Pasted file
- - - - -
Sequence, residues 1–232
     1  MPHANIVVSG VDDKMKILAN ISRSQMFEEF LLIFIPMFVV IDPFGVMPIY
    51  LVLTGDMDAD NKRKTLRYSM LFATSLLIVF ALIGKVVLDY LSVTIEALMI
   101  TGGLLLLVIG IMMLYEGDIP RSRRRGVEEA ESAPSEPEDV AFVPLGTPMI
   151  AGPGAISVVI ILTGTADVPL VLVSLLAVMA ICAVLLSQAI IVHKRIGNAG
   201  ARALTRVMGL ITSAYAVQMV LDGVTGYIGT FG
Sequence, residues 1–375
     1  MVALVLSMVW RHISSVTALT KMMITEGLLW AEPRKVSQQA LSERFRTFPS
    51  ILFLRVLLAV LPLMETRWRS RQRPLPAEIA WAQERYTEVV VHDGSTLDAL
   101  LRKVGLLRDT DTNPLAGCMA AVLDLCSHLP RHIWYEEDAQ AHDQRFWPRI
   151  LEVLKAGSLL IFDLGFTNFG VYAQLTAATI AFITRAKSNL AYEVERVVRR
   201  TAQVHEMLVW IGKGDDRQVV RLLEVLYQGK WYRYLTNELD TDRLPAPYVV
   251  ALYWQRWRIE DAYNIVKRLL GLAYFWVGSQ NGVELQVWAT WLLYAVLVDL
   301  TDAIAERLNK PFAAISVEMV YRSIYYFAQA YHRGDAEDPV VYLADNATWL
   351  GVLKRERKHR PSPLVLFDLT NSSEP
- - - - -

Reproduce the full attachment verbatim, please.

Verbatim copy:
Sequence, residues 1–232
     1  MPHANIVVSG VDDKMKILAN ISRSQMFEEF LLIFIPMFVV IDPFGVMPIY
    51  LVLTGDMDAD NKRKTLRYSM LFATSLLIVF ALIGKVVLDY LSVTIEALMI
   101  TGGLLLLVIG IMMLYEGDIP RSRRRGVEEA ESAPSEPEDV AFVPLGTPMI
   151  AGPGAISVVI ILTGTADVPL VLVSLLAVMA ICAVLLSQAI IVHKRIGNAG
   201  ARALTRVMGL ITSAYAVQMV LDGVTGYIGT FG
Sequence, residues 1–375
     1  MVALVLSMVW RHISSVTALT KMMITEGLLW AEPRKVSQQA LSERFRTFPS
    51  ILFLRVLLAV LPLMETRWRS RQRPLPAEIA WAQERYTEVV VHDGSTLDAL
   101  LRKVGLLRDT DTNPLAGCMA AVLDLCSHLP RHIWYEEDAQ AHDQRFWPRI
   151  LEVLKAGSLL IFDLGFTNFG VYAQLTAATI AFITRAKSNL AYEVERVVRR
   201  TAQVHEMLVW IGKGDDRQVV RLLEVLYQGK WYRYLTNELD TDRLPAPYVV
   251  ALYWQRWRIE DAYNIVKRLL GLAYFWVGSQ NGVELQVWAT WLLYAVLVDL
   301  TDAIAERLNK PFAAISVEMV YRSIYYFAQA YHRGDAEDPV VYLADNATWL
   351  GVLKRERKHR PSPLVLFDLT NSSEP